The Saddle-billed Stork, Ephippiorhynchus senegalensis, also known as the Jabiru Stork, is a large wading bird in the stork family Ciconiidae. It is a widespread species which breeds in sub-Saharan Africa from Sudan, Ethiopia and Kenya south to South Africa as well as the Gambia, Senegal, CÃ´te d’Ivoire and Chad in West Africa. It breeds in marshy wetlands in tropical lowland.
The Saddle-billed Stork is generally 59 inches tall and has a wingspan of about 106 inches. Females are distinctly smaller than the males. The head, neck, wings, and tail are iridescent black, with the rest of the body white. The massive bill is red with a black band and a yellow frontal shield (the “saddle”). The legs and feet are black with pink knees.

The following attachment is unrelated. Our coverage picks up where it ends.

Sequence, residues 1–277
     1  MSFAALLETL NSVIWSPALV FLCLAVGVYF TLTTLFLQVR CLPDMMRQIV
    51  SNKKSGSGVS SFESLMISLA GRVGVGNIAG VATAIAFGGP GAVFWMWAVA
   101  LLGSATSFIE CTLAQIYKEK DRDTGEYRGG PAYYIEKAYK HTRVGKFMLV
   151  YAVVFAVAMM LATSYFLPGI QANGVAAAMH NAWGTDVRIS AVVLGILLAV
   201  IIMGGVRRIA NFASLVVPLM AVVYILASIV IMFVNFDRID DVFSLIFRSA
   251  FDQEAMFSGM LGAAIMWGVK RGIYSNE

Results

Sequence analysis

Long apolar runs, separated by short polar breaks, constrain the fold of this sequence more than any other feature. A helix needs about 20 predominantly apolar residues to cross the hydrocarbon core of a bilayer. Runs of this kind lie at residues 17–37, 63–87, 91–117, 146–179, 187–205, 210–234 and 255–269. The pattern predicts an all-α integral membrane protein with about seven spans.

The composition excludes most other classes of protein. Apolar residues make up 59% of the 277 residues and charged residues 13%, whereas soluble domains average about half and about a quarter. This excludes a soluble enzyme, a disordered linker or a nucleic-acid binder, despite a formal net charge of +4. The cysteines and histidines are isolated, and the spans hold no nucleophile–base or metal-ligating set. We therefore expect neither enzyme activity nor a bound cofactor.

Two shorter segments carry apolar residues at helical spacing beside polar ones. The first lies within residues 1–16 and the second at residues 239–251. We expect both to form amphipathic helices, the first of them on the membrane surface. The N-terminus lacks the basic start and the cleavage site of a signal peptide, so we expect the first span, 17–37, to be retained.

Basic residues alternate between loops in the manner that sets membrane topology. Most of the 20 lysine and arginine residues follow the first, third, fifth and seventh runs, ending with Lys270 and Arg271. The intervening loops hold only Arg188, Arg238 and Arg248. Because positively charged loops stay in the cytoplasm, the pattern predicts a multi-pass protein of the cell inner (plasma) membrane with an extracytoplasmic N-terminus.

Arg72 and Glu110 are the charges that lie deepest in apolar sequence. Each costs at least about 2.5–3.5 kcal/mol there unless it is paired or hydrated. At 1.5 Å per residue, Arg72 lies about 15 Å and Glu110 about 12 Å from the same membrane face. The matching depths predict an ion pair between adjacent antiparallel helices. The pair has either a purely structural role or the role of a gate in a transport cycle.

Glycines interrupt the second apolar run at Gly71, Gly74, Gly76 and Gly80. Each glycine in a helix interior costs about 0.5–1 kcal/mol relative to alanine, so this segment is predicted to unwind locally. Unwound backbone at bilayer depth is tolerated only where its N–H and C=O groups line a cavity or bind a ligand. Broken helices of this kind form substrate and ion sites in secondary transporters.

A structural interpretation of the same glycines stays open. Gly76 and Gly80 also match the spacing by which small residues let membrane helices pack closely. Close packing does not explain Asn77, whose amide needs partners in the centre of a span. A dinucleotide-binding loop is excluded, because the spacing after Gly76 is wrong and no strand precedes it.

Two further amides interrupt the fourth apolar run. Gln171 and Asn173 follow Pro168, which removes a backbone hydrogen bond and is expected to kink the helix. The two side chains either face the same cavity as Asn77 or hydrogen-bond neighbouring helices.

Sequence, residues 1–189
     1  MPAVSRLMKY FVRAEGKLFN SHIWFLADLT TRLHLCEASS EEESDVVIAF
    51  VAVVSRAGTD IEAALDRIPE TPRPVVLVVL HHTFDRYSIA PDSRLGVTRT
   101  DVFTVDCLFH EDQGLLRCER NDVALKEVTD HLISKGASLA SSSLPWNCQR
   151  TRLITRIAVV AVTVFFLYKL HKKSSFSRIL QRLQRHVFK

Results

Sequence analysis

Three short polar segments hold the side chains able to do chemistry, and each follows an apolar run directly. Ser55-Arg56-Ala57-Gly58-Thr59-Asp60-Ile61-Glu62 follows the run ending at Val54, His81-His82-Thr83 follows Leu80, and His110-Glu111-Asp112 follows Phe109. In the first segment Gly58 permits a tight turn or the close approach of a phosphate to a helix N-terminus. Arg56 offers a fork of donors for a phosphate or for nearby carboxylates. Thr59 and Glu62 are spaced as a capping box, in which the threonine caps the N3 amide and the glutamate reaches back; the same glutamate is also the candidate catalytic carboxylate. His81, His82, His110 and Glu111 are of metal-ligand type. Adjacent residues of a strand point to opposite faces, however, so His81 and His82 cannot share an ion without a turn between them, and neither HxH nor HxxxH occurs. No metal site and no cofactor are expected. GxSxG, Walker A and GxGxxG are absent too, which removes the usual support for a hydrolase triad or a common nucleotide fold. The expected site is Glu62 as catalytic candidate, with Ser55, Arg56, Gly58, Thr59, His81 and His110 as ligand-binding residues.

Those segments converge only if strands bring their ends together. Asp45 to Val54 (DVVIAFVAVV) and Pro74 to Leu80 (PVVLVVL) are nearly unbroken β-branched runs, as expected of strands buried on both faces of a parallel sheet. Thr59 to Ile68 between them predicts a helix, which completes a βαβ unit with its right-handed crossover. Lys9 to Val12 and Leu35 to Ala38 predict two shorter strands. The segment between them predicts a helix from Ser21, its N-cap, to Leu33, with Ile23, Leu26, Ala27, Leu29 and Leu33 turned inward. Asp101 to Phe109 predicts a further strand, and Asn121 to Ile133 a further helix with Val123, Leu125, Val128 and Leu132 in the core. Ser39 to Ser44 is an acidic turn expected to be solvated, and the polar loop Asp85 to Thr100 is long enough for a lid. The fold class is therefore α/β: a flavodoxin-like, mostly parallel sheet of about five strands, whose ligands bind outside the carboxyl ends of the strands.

It builds a large, deep stick nest in a tree, laying one or two white eggs. The incubation period is 30-35 days, with another 70 – 100 days before the chicks fledge. Like most of its relatives, the Saddle-billed Stork feeds mainly on fish, frogs and crabs, but also on young birds, and other land vertebrates. They move in a deliberate and stately manner as they hunt, in a similar way to the larger herons.